China warned Friday that its huge economy will suffer an immense hit from the coronavirus, as the ongoing pandemic and national lockdowns cause massive global job losses and Russia faces a steep increase in deaths.
As Beijing's communist rulers failed to set an annual growth target for the first time in decades, Asian markets fell, further battered by Chinese moves to crack down on Hong Kong's treasured autonomy.
China's e-commerce giant Alibaba added to the gloom by reporting an 88 percent drop in first quarter net profit, despite higher than forecast revenue.
New coronavirus infections have begun to dip in much of the world, but the economic damage from the pandemic is only just beginning, and the disease is continuing its deadly march in Latin America and Russia.
"There will be a significant mortality increase in May," Russia's Deputy Prime Minister Tatiana Golikova told a government meeting, vowing that doctors would try to "save the maximum number of patients."
Russia has already recorded 3,249 deaths and 326,448 cases, the second-highest number of infections in the world after the United States.
Governments are still struggling to balance measures to halt the virus -- and to head off a feared possible second wave of infections -- with moves to reopen their battered economies.
Britain confirmed Friday that it would impose a 14-day quarantine on international arrivals in addition to its ongoing social distancing rules, but US President Donald Trump is pressing to reopen his country's economy.
Serbia said one of Europe's biggest music events, the Exit Festival in Novi Sad, could go ahead in August as planned, and France decided that it was safe to hold a delayed second round of municipal elections on June 28.
The Czech Republic said the epidemic remains contained there, two weeks after shopping malls, cinemas and restaurant terraces reopened in an easing of lockdown measures.
But news elsewhere was less positive.
Iran renewed an appeal for citizens to avoid unnecessary travel after another 51 deaths, and Russia reported its highest ever daily coronavirus death toll of 150, suggesting COVID-19 is not yet under control in the world's biggest country by area.
In the world's largest country by population, China, Premier Li Keqiang told the opening of the National People's Congress that, given the "great uncertainty" caused by the pandemic, Beijing will not set a growth target but "give priority to stabilising employment and ensuring living standards".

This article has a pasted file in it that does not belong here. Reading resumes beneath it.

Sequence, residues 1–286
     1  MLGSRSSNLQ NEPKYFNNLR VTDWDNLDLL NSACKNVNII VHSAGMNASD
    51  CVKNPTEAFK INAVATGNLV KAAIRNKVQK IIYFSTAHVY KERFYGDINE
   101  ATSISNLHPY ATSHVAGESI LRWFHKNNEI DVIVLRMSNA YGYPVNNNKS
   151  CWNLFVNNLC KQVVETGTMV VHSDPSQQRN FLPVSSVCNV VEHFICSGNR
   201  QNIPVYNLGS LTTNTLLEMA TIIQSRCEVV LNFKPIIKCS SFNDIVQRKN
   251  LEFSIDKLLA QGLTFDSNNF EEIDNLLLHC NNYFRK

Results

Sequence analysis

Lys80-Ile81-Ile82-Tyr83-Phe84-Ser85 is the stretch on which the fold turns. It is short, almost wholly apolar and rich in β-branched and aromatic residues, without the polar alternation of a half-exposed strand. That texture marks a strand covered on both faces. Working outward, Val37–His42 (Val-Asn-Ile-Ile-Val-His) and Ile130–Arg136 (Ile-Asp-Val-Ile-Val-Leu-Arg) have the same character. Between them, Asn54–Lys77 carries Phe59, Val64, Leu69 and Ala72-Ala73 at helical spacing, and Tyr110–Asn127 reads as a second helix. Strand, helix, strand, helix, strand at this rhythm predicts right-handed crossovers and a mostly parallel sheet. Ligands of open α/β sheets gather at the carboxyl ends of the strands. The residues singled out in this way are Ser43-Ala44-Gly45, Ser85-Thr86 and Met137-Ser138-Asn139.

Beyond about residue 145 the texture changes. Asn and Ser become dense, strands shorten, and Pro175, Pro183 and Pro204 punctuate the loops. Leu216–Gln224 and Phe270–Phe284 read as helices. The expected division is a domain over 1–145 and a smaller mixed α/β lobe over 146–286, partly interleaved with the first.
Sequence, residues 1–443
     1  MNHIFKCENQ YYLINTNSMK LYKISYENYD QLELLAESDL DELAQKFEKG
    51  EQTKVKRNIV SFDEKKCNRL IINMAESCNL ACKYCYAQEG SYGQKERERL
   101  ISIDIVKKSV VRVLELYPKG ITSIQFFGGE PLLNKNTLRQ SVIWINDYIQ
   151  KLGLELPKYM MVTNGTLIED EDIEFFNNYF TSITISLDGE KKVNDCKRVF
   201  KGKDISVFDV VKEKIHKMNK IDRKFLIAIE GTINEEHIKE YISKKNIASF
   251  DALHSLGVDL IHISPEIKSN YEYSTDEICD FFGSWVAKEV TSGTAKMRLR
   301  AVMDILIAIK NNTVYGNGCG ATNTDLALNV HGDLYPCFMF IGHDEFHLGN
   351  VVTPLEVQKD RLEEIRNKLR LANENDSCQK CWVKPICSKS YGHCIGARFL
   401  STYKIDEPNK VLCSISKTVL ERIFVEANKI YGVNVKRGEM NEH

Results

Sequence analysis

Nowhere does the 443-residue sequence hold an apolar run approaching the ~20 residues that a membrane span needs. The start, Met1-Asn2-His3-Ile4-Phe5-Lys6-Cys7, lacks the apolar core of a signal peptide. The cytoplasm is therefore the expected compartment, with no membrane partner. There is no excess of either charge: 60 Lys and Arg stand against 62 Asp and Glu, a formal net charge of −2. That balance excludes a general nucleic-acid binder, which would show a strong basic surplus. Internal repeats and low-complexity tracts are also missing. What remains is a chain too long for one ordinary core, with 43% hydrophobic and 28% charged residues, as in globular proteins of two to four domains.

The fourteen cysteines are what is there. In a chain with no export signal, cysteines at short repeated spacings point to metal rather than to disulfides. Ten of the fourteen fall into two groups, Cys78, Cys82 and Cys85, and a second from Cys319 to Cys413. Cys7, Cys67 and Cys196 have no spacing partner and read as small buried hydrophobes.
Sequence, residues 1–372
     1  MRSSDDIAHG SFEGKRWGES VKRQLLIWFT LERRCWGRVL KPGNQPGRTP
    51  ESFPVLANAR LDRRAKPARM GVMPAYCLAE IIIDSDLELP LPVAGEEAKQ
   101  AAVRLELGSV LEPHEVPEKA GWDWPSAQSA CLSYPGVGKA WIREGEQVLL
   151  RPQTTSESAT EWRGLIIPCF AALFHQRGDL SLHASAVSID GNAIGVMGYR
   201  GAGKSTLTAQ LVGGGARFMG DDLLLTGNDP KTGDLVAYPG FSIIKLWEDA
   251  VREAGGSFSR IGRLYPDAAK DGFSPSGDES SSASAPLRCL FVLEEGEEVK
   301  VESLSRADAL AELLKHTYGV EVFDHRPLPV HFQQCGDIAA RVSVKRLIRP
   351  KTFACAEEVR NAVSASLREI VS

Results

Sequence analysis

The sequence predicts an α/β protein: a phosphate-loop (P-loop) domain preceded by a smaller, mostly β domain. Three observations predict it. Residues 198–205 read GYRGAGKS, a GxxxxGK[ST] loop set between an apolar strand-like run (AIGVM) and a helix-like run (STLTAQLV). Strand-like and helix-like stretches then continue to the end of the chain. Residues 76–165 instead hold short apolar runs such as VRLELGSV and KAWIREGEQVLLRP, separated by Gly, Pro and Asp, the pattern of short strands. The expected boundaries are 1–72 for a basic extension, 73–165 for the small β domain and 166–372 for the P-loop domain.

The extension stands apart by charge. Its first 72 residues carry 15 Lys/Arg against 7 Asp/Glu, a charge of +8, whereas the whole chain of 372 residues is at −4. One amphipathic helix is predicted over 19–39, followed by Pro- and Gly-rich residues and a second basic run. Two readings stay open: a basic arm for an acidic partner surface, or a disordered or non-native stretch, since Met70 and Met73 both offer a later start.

In Washington, Trump -- with an eye on his re-election prospects in November -- made it clear he hopes more US state governors will move towards a loosening of anti-virus restrictions.
"We did the right thing but we now want to get going... you'll break the country if you don't," he told African-American leaders in Michigan.
Another 2.43 million Americans were put out of work last week, the Labor Department said Thursday, bringing the total of newly jobless to 38.6 million since lockdowns were put in place.
The US leader also talked about reopening places of worship, something he had initially hoped would be done by Easter Sunday, saying it was important to the nation's healing.
"People want to be in their churches," Trump said. "They're so important in terms of the psyche of our country."
Deaths are still mounting in the US, with the total surpassing 94,000, and Trump ordered flags at federal buildings be flown at half-mast for three days for the victims.
'It doesn't stop'
While many European countries have significantly curbed the contagion, Latin America is becoming a new hotspot with cases on the rise.
Brazil -- now home to the third-highest number of cases in the world after the US and Russia -- has recorded more than 20,000 deaths and hit a record 24-hour toll of 1,188.
Grave diggers at a cemetery outside Sao Paulo are scrambling to keep up.
"We've been working 12-hour days, burying them one after the other. It doesn't stop," said one worker at Vila Formosa, wearing a white protective suit, mask and face shield.
Peru, Mexico and Chile have also seen steady increases in infections.
The economic crisis caused by the pandemic has left an extra 11.5 million people unemployed in Latin America, the International Labour Organization said Thursday.
The new estimate from would mean a total of 37.7 million people in the region are now unemployed.
The death toll worldwide has now surpassed 332,000, according to an AFP tally based on official sources.
More than 5.1 million infections have been recorded globally.